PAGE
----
While onion and pancetta are cooking, prepare spaghetti in abudant boiling water with a handful of rock salt.

In a small bowl beat the eggs with cheeses and pepper to taste. Add a little milk at a time to make sure that the mix isn't too dry.

When spaghetti is cooked, drain and add to the skillet with onion ad pancetta. Toss well. Remove from heat. Pour egg mixture in skillet, mix quickly and serve immediately with grated cheese and black pepper on the side.

NOTE: if your mixture is too dry add a little more milk. If it's too runny add cheese.

Wednesday, August 26, 2009

Beer can chicken

I was born and raised in Italy, so of course I knew nothing about beer can chickens until a few years ago. I don't remember where I had my first one, but the notion of cooking a whole chicken with a beer can up his butt was quite hilarious (I'm easily entertained, I guess) and the result was a juicy, delicious chicken. Ever since then I've been trying to find the perfect recipe to make my own and -after a few tries- I think I've come up with one that is good and spicy. The secret is to keep the breast from drying up, which is pretty easy if you baste it with lots of liquids before you put the bird on the grill. The marinade also infuses the meat with a delicious BBQ-like flavor, while the beer and the liquid smoke do the same from the inside.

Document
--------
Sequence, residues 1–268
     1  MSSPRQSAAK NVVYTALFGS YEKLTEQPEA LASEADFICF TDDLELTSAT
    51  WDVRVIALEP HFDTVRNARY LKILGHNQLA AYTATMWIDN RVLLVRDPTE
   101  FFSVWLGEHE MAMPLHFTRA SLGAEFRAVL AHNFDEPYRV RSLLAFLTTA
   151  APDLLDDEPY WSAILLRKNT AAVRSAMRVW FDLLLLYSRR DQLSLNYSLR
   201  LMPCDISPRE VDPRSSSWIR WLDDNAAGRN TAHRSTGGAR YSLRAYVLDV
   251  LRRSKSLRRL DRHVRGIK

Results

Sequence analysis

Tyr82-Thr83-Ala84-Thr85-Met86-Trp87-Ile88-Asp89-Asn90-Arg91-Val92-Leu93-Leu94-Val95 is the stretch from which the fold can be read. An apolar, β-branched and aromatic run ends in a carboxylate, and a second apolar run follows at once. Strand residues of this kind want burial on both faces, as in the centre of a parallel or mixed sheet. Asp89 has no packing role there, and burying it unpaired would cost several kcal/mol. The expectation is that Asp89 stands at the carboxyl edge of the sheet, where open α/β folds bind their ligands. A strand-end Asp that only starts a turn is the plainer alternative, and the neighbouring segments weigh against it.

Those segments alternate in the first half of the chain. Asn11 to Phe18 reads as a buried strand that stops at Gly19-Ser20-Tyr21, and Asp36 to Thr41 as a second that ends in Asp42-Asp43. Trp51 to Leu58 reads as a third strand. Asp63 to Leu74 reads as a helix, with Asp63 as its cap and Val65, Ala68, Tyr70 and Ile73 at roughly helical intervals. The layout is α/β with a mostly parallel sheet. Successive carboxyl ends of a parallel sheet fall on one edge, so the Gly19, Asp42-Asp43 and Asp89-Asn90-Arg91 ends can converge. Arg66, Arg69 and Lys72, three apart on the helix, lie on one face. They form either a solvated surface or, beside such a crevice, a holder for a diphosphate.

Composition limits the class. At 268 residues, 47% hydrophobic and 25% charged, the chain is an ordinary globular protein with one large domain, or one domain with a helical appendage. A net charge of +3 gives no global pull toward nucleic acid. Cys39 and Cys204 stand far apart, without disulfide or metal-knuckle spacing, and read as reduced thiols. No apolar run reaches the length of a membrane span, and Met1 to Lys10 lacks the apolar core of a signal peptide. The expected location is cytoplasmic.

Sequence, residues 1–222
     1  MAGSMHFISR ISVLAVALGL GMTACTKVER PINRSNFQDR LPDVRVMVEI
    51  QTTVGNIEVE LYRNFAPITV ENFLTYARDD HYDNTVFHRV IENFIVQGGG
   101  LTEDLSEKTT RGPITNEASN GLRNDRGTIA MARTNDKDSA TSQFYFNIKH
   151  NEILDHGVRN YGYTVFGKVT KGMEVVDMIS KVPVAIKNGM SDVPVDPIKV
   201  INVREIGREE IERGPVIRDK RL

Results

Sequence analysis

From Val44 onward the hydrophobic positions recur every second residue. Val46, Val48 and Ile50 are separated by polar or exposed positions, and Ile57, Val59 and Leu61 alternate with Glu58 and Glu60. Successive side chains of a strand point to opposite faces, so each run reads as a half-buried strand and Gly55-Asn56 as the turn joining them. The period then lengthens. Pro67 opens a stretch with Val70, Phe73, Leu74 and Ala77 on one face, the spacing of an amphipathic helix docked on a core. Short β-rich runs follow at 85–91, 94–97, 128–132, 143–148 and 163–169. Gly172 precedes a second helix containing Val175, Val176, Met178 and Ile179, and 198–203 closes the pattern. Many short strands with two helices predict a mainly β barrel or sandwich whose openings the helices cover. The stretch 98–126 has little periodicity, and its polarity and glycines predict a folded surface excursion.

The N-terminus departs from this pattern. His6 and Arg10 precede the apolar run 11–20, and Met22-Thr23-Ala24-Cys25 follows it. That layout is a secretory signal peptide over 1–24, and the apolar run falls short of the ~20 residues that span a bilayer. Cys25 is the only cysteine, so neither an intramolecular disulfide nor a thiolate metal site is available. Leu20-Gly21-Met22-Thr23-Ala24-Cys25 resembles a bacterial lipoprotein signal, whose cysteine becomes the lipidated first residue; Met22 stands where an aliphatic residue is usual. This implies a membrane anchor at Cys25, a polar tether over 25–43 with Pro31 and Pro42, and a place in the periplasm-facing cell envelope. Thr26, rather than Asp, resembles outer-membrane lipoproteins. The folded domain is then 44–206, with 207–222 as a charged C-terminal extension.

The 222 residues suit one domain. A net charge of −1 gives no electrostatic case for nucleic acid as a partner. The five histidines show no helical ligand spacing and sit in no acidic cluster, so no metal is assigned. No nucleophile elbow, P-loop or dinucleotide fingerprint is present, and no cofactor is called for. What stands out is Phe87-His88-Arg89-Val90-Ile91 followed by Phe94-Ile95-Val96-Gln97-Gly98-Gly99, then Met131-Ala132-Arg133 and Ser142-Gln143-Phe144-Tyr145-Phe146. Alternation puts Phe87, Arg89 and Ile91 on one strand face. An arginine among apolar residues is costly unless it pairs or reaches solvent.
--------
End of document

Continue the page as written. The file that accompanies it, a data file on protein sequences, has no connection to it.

1 whole chicken
2 teaspoons brown sugar
2 teaspoons paprika
1 teaspoon coarsely ground black pepper
6 tablespoons ketchup
2 tablespoons Worcestershire sauce
1 tablespoon chili powder
1 teaspoon cider vinegar
1 can beer
3 tablespoons barbecue smoked seasoning

Preheat grill on medium high.

Remove and discard giblets and neck from the chicken. Loosen skin from breasts and drumsticks by inserting fingers, gently pushing between skin and meat.Be careful not to pierce the skin -it's what keeps the bird from drying.

Combine ketchup, sugar, paprika, pepper, Worcestershire sauce, chili powder and vinegar in a bowl. Rub it under loosened skin and over breasts and drumsticks.

Drink 1/2 cup beer (or discard it, but seriously, why throwing it away when you can drink it?) Add liquid smoke to can. Holding chicken upright with the body cavity facing down, insert beer can into chicken butt. Place the chicken in a roasting pan, and spread legs out to form a tripod to support the chicken.

Place on preheated grill, lower heat and cook slowly, with the lid closed, for about 1 1/2 hours or until desired internal temperature is reached.

Tuesday, August 25, 2009

Saved by the pasta puttanesca

So someone asked me, not long ago, if everything I cook is a roaring success and if my kitchen is a blissful, relaxing place on any given day. The answer is no, not at all. Like most humans, I have my moments and like most cooks, my souffle doesn't always rise (how THAT for a metaphor?!?) I try -and succeed- to stay calm most of the time, even when I cut my self, even when the sauce doesn't reduce, hell, even when I realize I don't have all the ingredients a recipe calls for. Usually, the only times I freak the hell out in the kitchen is when we are running low on wine -but then again, what are boyfriends for if not for running to the store?